It’s a black gelatinous substance that wreaks havoc in engines. And long before the engine’s demise, engine sludge can foul engine sensors and interfere with performance. Some mechanics call it the “black death.”
How does motor oil, which is fluid, become a semi-solid paste or gel inside an engine?
Here’s what we’ll cover:
- How engine sludge forms
- The effects of engine sludge
- Synthetic oil helps prevent engine sludge
- High quality additives fight engine sludge
- Severe service invites engine sludge
How engine sludge forms
Engine sludge is the result of a series of chemical reactions.
The lubricant degrades as it is exposed to oxygen and elevated temperatures. The higher the temperature, the more rapid the rate of degradation. In fact, every 18°F (10°C) increase in temperature doubles the rate of oxidation.
The by-products of this reaction form highly reactive compounds that further degrade the lubricant. Their by-products react with other contaminants, forming organic acids and high-molecular-weight polymeric products. These products further react, forming the insoluble product known more commonly as sludge.
What begins as a thin film of lacquer or varnish deposits on hot or cold metal surfaces and bakes into an expensive mess.
As the EPA demands engines become mote fuel efficient, one byproduct is increased heat, thus more sludge!
The effects of engine sludge
Sludge can block the oil passages and oil-pump pick-up screen, resulting in oil starvation. Often, the negative effects are cumulative rather than sudden.
Many engines with variable valve timing (VVT) use oil-pressure-operated mechanical devices to change valve timing, duration and lift. Sludge can plug the solenoid screen or oil gallies and impact the operation of VVT mechanisms, eventually leading to a costly repair bill. Sludge reduces efficiency and increases time and money spent on maintenance.
Synthetic oil helps prevent engine sludge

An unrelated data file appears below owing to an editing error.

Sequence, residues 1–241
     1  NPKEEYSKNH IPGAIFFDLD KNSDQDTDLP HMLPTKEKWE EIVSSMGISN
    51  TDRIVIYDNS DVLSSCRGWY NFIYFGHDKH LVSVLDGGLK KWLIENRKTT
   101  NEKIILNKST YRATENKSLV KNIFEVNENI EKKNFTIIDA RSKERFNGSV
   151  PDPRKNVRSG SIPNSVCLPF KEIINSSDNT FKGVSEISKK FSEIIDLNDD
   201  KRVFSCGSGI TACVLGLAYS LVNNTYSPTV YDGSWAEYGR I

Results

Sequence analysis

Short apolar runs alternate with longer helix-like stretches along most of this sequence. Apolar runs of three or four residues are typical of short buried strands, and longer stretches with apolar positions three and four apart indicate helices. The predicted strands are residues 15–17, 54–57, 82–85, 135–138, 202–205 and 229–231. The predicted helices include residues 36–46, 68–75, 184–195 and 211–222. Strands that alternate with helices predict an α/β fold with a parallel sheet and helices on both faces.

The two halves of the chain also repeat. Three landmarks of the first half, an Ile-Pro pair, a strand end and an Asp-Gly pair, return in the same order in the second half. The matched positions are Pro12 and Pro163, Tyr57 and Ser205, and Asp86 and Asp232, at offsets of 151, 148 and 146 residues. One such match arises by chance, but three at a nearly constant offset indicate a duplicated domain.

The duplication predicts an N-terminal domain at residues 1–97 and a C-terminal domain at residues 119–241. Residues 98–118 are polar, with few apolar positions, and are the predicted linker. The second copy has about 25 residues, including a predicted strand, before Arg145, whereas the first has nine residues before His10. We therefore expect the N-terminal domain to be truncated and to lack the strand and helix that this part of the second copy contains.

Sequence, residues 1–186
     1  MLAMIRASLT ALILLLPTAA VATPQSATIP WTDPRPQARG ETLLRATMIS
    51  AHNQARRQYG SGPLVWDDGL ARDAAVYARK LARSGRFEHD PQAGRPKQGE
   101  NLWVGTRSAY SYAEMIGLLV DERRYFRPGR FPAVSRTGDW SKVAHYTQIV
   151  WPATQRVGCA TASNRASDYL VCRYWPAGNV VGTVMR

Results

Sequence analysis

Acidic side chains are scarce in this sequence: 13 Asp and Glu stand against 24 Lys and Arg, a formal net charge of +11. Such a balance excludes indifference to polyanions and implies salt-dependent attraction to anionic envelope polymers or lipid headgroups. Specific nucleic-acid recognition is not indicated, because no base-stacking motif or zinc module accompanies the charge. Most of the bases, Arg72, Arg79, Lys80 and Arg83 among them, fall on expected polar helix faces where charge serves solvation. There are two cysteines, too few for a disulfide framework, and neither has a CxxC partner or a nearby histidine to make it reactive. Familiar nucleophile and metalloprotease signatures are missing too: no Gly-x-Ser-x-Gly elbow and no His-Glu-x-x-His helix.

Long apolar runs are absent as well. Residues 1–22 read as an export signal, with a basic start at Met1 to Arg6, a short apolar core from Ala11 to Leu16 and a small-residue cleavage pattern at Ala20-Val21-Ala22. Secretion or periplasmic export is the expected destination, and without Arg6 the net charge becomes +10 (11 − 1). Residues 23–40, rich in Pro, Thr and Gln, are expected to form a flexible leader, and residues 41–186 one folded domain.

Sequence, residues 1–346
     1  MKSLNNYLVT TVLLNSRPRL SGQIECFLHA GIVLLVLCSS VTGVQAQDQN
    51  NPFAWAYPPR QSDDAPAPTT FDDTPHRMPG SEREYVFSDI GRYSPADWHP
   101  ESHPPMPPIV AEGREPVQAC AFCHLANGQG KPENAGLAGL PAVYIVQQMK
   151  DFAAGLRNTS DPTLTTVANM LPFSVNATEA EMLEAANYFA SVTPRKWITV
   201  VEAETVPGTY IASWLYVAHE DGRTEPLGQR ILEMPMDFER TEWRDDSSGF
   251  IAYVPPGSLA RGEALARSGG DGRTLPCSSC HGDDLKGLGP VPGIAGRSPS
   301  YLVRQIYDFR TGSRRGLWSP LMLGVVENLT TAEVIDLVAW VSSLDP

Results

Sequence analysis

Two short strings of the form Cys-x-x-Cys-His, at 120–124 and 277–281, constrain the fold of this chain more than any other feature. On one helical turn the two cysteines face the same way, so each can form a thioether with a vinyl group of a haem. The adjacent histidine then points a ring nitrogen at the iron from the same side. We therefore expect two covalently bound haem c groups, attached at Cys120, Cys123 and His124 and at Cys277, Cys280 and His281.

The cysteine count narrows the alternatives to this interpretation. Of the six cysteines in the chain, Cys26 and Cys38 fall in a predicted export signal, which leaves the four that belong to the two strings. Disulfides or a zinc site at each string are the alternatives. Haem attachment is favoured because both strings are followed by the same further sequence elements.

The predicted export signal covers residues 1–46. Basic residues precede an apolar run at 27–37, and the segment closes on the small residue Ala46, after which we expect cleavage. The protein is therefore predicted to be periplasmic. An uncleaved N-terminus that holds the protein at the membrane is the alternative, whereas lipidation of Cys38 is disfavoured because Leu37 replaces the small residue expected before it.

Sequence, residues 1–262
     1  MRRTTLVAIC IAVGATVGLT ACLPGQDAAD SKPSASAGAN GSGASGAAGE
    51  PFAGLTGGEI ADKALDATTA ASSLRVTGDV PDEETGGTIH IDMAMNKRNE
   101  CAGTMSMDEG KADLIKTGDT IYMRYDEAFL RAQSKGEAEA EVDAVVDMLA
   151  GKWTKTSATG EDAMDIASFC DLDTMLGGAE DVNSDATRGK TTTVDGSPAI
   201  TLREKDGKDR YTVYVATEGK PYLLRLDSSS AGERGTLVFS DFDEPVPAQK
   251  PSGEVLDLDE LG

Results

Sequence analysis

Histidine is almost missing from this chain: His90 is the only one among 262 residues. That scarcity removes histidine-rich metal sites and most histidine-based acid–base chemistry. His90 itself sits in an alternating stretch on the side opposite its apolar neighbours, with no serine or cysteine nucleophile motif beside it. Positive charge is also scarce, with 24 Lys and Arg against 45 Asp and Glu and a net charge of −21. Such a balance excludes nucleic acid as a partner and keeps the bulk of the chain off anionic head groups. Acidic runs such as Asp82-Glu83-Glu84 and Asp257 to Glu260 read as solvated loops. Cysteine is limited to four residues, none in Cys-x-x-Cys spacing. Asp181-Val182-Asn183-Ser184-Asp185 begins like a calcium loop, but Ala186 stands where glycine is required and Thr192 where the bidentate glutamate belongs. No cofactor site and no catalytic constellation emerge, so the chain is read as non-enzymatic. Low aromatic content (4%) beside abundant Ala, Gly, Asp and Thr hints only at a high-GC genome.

Fortunately, sludge and varnish deposits are something oil manufacturers can control. Using thermally stable synthetic base oils reduces the rate of degradation (oxidation).
Anti-oxidant additives help reduce the rate of degradation as well. One of the most widely used is zinc dithiophosphate. Not only is it an excellent oxidation inhibitor, it is an outstanding anti-wear additive as well.
High-quality additives fight engine sludge
We can further address many of the issues occurring after the initial oxidation stage.
Additives, such as detergents and dispersants, are commonly part of motor oil formulation. They help promote the suspension of contaminants within the oil and keep them from agglomerating.
Detergents, which are also alkaline in nature, assist in neutralizing acids generated in the sludge-building process. Anti-oxidant, dispersant and detergent additives are consumed during use.
To achieve maximum life expectancy, use an oil with high concentrations of anti-oxidant, dispersant and detergent additives.
AMSOIL Signature Series Synthetic Motor Oil, for example, has 50 percent more detergents* to help keep oil passages clean and promote oil circulation. It provides 90 percent better protection against sludge**.
Signature Series Synthetic Motor Oil was subjected to the Sequence VG test to measure its ability to prevent sludge. Signature Series produced an oil pick-up tube screen virtually free from sludge. Our unique combination of detergents and high-quality base oils control oxidation and sludge to keep engines clean and efficient.
Severe service invites engine sludge
Equipment operating conditions also influence the likelihood of sludge or varnish issues.
Stop-and-go driving, frequent/long-term idling and operation in excessively hot or cold weather can increase the likelihood of sludge and varnish, especially if using more volatile conventional oils. If sludge has already formed, you can use an engine flush to clean sludge from your engine.
Interestingly, most auto manufacturers note in their owner’s manual that operation under any of the above conditions is considered severe service and requires more frequent oil changes.
From a mechanical standpoint, things like adding too much oil to the oil sump, antifreeze contamination, excessive soot loading, excessive oil foaming, poor engine-combustion efficiency, excessive blow-by and emission-control-system issues can all lead to the formation of sludge and varnish.
By practicing good maintenance and using properly formulated, premium synthetic lubricants, like AMSOIL synthetic motor oil, your vehicle won’t succumb to the “black death.”
*vs. AMSOIL OE Motor Oil
**Based on independent testing of AMSOIL Signature Series 5W-30 in the ASTM D6593 engine test for oil screen plugging as required by the API SN PLUS specification.